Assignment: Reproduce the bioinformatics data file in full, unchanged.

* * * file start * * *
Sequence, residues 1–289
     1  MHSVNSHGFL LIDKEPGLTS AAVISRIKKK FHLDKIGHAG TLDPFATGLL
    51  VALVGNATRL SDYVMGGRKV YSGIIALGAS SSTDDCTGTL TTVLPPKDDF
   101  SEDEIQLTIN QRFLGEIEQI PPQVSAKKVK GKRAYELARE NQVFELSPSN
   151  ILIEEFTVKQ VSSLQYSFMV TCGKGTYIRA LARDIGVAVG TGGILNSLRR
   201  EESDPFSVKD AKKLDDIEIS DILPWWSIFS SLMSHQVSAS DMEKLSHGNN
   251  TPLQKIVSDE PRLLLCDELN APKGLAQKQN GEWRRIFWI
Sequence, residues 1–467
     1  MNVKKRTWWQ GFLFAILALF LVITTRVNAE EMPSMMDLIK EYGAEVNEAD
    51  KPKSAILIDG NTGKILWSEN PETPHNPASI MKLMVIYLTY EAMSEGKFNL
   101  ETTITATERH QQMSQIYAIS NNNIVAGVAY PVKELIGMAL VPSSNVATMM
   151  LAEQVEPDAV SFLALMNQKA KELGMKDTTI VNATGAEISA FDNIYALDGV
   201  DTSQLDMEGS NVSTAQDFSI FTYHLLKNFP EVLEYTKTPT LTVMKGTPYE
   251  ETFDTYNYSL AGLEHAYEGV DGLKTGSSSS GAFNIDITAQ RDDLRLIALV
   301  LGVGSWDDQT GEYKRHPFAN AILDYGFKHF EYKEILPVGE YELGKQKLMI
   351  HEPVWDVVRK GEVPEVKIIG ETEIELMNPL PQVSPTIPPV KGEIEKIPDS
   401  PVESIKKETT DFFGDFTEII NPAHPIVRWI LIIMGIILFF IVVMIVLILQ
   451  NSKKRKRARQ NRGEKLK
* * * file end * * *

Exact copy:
Sequence, residues 1–289
     1  MHSVNSHGFL LIDKEPGLTS AAVISRIKKK FHLDKIGHAG TLDPFATGLL
    51  VALVGNATRL SDYVMGGRKV YSGIIALGAS SSTDDCTGTL TTVLPPKDDF
   101  SEDEIQLTIN QRFLGEIEQI PPQVSAKKVK GKRAYELARE NQVFELSPSN
   151  ILIEEFTVKQ VSSLQYSFMV TCGKGTYIRA LARDIGVAVG TGGILNSLRR
   201  EESDPFSVKD AKKLDDIEIS DILPWWSIFS SLMSHQVSAS DMEKLSHGNN
   251  TPLQKIVSDE PRLLLCDELN APKGLAQKQN GEWRRIFWI
Sequence, residues 1–467
     1  MNVKKRTWWQ GFLFAILALF LVITTRVNAE EMPSMMDLIK EYGAEVNEAD
    51  KPKSAILIDG NTGKILWSEN PETPHNPASI MKLMVIYLTY EAMSEGKFNL
   101  ETTITATERH QQMSQIYAIS NNNIVAGVAY PVKELIGMAL VPSSNVATMM
   151  LAEQVEPDAV SFLALMNQKA KELGMKDTTI VNATGAEISA FDNIYALDGV
   201  DTSQLDMEGS NVSTAQDFSI FTYHLLKNFP EVLEYTKTPT LTVMKGTPYE
   251  ETFDTYNYSL AGLEHAYEGV DGLKTGSSSS GAFNIDITAQ RDDLRLIALV
   301  LGVGSWDDQT GEYKRHPFAN AILDYGFKHF EYKEILPVGE YELGKQKLMI
   351  HEPVWDVVRK GEVPEVKIIG ETEIELMNPL PQVSPTIPPV KGEIEKIPDS
   401  PVESIKKETT DFFGDFTEII NPAHPIVRWI LIIMGIILFF IVVMIVLILQ
   451  NSKKRKRARQ NRGEKLK